Few visitors to the tiny island of Iona, in the Inner Hebrides off Scotland’s west coast, leave without taking a picture of its famous abbey and the magnificent cross standing outside.
Every year the island attracts pilgrims and tourists keen to follow in the footsteps of Saint Columba, who arrived from Ireland in 563AD to spread the Gospel to Scotland.
But unlike most of the other artefacts on Iona, the story of St John’s Cross, which stands proudly in front of the saint’s shrine, has never properly been told – until now.
The reason? It is a concrete replica of the 8th-century original, arriving on Iona in 1970 sitting incongruously on a boat delivering the island’s annual supply of coal.
In March, the concrete cross was given a category A listing by Historic Environment Scotland (HES), reserved for “outstanding examples of a particular period”.
Almost exactly 50 years after it was erected on 6 June 1970, a new book has told the story of the replica and argues that it must now be treated as a monument in its own right.
The book, by University of Stirling academics Dr Sally Foster and Professor Sian Jones, also raises the question of whether other replicas around the UK have acquired their own unique historic significance.
“The St John’s cross is on all of the tea towels, the magnets, all the postcards and souvenirs – it’s iconic,” Foster says. “But it’s also little understood, and from a formal heritage perspective, under-appreciated.”
The designers of the replica cross knew it had to resemble the original in colour, texture and detail and be durable enough to withstand Iona’s often extreme weather.
As well as being cast in concrete, it was reinforced with 5mm nickel steel bars to resist strong winds and the corrosive effect of sea spray. Colour samples were even taken from where the original cross – which is thought to have collapsed soon after being constructed and now lies in the Abbey Museum – had been quarried. A black iron oxide pigment was also used to give an ageing effect.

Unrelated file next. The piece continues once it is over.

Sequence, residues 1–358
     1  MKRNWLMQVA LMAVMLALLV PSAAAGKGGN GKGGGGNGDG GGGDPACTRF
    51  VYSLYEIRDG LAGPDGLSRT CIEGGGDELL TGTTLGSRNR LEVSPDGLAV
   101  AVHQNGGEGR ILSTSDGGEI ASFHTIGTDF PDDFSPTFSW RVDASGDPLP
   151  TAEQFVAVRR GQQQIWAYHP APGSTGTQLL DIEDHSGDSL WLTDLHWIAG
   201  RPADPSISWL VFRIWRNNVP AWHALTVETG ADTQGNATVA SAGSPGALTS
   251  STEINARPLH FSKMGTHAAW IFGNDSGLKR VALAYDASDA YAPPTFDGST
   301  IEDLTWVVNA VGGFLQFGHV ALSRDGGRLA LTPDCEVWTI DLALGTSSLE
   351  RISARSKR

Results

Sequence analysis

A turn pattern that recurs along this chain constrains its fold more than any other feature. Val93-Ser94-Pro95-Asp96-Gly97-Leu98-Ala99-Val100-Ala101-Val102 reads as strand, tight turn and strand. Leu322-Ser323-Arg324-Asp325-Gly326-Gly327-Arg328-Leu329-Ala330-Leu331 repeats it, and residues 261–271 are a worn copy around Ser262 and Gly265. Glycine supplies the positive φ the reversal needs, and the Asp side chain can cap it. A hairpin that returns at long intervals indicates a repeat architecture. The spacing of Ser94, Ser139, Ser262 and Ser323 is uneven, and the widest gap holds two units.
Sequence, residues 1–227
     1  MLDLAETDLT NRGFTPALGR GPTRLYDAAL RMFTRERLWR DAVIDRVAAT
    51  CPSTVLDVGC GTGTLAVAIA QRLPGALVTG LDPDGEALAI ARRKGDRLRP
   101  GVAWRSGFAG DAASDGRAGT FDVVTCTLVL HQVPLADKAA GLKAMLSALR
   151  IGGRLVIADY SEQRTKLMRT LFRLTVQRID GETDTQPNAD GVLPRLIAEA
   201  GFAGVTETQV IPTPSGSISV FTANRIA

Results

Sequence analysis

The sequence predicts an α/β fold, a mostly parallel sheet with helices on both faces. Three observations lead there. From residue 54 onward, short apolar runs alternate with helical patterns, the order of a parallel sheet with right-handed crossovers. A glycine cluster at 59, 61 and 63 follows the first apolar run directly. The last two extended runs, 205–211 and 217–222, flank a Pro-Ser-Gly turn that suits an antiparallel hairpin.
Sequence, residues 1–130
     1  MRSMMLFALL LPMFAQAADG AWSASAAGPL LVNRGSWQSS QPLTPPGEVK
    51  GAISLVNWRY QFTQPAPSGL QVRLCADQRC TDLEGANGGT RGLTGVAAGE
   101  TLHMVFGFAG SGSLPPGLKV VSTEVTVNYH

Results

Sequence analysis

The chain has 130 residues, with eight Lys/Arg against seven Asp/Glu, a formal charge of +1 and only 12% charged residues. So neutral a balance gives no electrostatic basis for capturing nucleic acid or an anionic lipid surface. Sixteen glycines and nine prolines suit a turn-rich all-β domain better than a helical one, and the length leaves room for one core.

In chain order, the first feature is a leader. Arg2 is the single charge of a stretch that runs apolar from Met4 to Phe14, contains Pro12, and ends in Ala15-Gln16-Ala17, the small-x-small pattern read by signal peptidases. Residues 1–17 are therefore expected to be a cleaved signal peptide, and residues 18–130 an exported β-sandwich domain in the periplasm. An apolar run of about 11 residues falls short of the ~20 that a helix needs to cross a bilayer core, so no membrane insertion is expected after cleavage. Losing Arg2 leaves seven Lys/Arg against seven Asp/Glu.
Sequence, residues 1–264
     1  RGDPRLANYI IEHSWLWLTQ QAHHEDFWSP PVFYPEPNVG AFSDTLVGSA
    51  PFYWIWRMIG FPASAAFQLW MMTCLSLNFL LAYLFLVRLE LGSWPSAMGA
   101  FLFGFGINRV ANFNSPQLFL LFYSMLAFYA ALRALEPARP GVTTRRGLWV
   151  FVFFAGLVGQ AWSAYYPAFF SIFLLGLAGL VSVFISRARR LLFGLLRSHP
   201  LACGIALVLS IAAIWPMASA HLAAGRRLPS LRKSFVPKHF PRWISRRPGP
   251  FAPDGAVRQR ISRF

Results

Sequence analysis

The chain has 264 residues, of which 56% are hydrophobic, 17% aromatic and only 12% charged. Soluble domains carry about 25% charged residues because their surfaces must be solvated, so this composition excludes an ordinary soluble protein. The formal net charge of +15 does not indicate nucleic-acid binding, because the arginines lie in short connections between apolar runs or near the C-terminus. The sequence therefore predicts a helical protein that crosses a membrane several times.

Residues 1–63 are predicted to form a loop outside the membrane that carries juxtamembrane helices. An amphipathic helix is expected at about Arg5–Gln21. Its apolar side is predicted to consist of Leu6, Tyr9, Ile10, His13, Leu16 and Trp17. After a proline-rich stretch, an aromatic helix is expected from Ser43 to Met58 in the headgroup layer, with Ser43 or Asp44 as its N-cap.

Justifying its category A listing, HES cited the “scholarly, artistic, engineering and craft skills” that went into its construction, adding that it had since become “an integral part of the history and contemporary experience of Iona”.
“For me, listing a replica was really interesting philosophically. It shows how something created not that long ago has quickly become part of our cultural life,” said Elizabeth McCrone, head of designations at HES. “It’s a cultural and philosophical mind shift to not think of a replica as having less value than the real article. We need to evolve the way we look at our heritage – as history never stops.”
Foster first became interested in replicas when she realised they were not being researched or valued, which she ascribes to people’s “slightly snobbish” views. “These things were still being destroyed or put in skips [by museums], as there was no understanding of their significance,” she says.
The research she did with Prof Jones is to form the basis of guidance for museums and heritage professionals, encouraging them to think more carefully about the value of their replicas.
Another remarkable story concerns the Hilton of Cadboll stone, an intricately carved Pictish cross-slab dating back to around 800AD, which once stood at a medieval chapel site adjacent to the village of Hilton in Easter Ross.
The original was removed from the village in the 1860s by the landowner and is now on display in the National Museum of Scotland. When a local campaign to return it to the village failed, it was decided that a replica should be commissioned in its place.
The full-scale replica was hand carved by sculptor Barry Grove and was erected in 2000 at the medieval chapel site in Hilton.
But the project also led to a fresh excavation, which turned up a missing piece of the original.
Prof Jones, who has studied the episode extensively, says people in the village talked about the original stone “almost like it was a member of the community”.